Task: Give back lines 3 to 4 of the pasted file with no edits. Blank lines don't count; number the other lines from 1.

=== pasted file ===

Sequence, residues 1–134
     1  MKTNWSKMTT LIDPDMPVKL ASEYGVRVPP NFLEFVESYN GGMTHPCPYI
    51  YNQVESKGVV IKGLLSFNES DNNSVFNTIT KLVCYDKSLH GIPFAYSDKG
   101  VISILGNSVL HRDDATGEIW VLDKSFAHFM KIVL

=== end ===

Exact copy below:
    51  YNQVESKGVV IKGLLSFNES DNNSVFNTIT KLVCYDKSLH GIPFAYSDKG
   101  VISILGNSVL HRDDATGEIW VLDKSFAHFM KIVL